A Transient Place

Trip Start Feb 07, 2009
Trip End Ongoing

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Flag of China  ,
Sunday, November 15, 2009

The topic of departures has prompted me to update my traveler's tales. Hong Kong is a transient city in every respect. Buildings are erected and torn down daily. Construction and drilling are constant factors. My building is "old" at the ancient age of 10 years. If you find a good restaurant you’d better go back again soon,because before you realize it will likely be gone.This shifting character is also common amidst the expat community, with most persons coming in good faith with open minds and hearts and ambition to progress in a career or follow a lover (the latter being an incredibly common motivation I share, much to my surprise when I arrived 7months ago!).

No one is sure how long they’ll stay, which is an excellent reminder to live every day to the fullest, like it may be your last (in Hong Kong at least). This also explains why it’s so easy to make friends here; if you wait around to meet people you’ll: a.) be lonely and b.) quite possibly leave before you find any!

I have had 2 dear girlfriends depart in the past couple months. Sob, sob. Come to think of it, I’ve attended a farewell dinner for  someone just about every month since I arrived. And now there’s hushed conversation concerning just how long Daniel and I will be staying in Hong Kong after all. For those of you wishing to visit  this lovely metropolis and desiring a free place to crash, I urge you to plan accordingly in the near rather than long term…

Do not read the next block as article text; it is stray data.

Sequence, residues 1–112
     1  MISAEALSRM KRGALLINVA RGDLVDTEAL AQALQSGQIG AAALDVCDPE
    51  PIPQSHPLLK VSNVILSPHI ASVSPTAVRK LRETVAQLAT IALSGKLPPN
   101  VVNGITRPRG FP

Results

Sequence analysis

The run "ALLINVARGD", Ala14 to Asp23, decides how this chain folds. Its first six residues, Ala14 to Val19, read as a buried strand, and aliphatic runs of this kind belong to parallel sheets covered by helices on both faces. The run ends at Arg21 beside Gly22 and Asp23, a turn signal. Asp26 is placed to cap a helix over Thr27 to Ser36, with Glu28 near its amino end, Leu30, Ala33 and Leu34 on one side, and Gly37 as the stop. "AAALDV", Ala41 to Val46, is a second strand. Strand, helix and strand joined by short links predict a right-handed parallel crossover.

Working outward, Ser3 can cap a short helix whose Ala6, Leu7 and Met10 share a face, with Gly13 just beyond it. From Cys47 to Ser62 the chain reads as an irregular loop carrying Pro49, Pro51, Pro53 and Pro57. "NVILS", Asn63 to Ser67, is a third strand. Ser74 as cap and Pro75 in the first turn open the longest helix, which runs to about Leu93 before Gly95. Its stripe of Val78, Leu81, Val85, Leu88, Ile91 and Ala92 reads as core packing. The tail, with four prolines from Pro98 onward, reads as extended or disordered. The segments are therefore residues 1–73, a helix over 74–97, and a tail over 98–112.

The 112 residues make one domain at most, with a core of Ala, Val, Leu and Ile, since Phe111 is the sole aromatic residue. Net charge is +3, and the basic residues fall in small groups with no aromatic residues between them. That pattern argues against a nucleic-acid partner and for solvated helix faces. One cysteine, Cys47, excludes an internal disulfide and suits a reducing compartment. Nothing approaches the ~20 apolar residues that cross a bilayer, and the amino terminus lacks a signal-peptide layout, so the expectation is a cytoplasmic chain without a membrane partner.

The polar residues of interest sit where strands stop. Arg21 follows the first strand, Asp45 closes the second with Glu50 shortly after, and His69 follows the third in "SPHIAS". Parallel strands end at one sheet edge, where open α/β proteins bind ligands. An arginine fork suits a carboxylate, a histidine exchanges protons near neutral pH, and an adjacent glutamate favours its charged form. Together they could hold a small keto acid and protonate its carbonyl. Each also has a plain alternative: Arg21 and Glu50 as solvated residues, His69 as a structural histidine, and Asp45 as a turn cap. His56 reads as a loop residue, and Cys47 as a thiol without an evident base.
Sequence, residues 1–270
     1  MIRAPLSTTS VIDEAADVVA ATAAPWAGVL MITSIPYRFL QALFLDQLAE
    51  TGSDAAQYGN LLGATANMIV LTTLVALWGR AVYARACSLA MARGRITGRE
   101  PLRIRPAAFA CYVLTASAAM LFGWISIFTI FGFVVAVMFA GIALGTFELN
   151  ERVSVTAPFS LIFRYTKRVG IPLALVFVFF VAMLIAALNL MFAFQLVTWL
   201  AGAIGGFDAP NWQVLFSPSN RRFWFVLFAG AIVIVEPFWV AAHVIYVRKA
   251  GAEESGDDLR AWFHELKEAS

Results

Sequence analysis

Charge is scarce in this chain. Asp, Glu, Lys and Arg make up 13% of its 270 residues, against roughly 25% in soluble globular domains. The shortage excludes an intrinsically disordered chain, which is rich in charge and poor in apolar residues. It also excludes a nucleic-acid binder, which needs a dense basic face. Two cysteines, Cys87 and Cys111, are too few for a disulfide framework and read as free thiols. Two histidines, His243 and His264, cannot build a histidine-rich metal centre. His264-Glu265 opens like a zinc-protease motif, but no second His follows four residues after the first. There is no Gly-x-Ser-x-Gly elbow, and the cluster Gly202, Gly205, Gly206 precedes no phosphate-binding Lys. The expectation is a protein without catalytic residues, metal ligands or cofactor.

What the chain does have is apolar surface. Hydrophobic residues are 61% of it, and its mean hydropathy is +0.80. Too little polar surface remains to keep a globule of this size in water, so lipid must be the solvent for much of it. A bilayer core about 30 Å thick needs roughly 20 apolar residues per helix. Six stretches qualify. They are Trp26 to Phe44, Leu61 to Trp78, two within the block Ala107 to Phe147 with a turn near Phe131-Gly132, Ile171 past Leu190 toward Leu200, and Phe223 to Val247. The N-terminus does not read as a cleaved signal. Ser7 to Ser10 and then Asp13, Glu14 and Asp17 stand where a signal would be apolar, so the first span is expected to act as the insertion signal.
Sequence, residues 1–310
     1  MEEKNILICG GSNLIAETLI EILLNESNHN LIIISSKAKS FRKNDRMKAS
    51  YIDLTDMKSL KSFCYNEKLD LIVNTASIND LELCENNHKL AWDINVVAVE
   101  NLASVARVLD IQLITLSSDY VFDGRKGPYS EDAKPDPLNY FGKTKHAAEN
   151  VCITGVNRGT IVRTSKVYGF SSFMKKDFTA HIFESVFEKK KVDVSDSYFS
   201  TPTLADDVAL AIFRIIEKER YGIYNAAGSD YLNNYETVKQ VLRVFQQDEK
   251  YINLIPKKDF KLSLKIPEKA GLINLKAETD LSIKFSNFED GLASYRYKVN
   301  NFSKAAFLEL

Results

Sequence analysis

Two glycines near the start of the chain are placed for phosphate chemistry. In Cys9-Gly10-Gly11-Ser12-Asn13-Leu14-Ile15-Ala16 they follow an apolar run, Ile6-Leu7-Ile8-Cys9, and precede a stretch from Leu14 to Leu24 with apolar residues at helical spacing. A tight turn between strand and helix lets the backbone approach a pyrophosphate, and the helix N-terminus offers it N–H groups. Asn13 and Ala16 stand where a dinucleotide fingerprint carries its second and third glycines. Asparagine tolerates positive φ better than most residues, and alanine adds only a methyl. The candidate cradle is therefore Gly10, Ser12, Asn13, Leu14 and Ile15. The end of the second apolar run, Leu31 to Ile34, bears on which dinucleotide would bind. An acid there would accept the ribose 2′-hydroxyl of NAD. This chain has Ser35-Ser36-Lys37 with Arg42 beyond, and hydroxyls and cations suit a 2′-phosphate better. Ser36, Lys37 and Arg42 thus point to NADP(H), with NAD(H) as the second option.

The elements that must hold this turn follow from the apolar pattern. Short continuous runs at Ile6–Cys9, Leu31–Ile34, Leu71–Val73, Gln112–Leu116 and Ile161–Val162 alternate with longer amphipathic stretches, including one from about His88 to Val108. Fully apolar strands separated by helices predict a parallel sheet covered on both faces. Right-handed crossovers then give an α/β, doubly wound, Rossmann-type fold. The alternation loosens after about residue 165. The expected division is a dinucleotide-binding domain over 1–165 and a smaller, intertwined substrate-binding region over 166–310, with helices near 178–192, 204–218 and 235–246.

Last night at dinner we had an entertaining conversation about this wacky place and its cultural nuances, which I’d like to share.

Honkies themselves are not shy to admit that a lifetime spent on an island with 7 million inhabitants has resulted in a population that is often blind to the presence of others. This is manifested most prominently in the MTR (subway), where the elderly are the worst offenders. They will jab their one good shoulder into your gut just to hop on before you. Do not be fooled by these grey-haired wee folk. They are tenacious. Secondly, I feel HK denizens need a course on umbrella etiquette.Contrary to popular practice, this item is not a weapon. As a tall girl in a short person’s world, I dread rainy days and the constant defense of eyes and neck I must maintain while walking on the street. I believe I’ve already mentioned the burping phenomenon, but hearing a cute girl belch in a public place without a follow up word continues to confound me. Table manners are also non-existent, and the more riotous noises such as slurping, etc. you can produce while eating, the better.

  1. PACE
Hong Kong is a city of impatient folks. When I arrived I couldn’t believe how when I stepped on an elevator, there was always a local posted near the keypad,trigger happy on the “close door” button. Each time someone gets on/off the lift, in fact, it’s the person nearest that button’s unspoken duty to push it right away. No time to spare. I found it humorous how when speaking with a Brazilian last night, he mentioned how ironic it seemed that in a Brazil, a Latin country with a notoriously loose interpretation of time and punctuality, this button doesn’t even exist on elevators!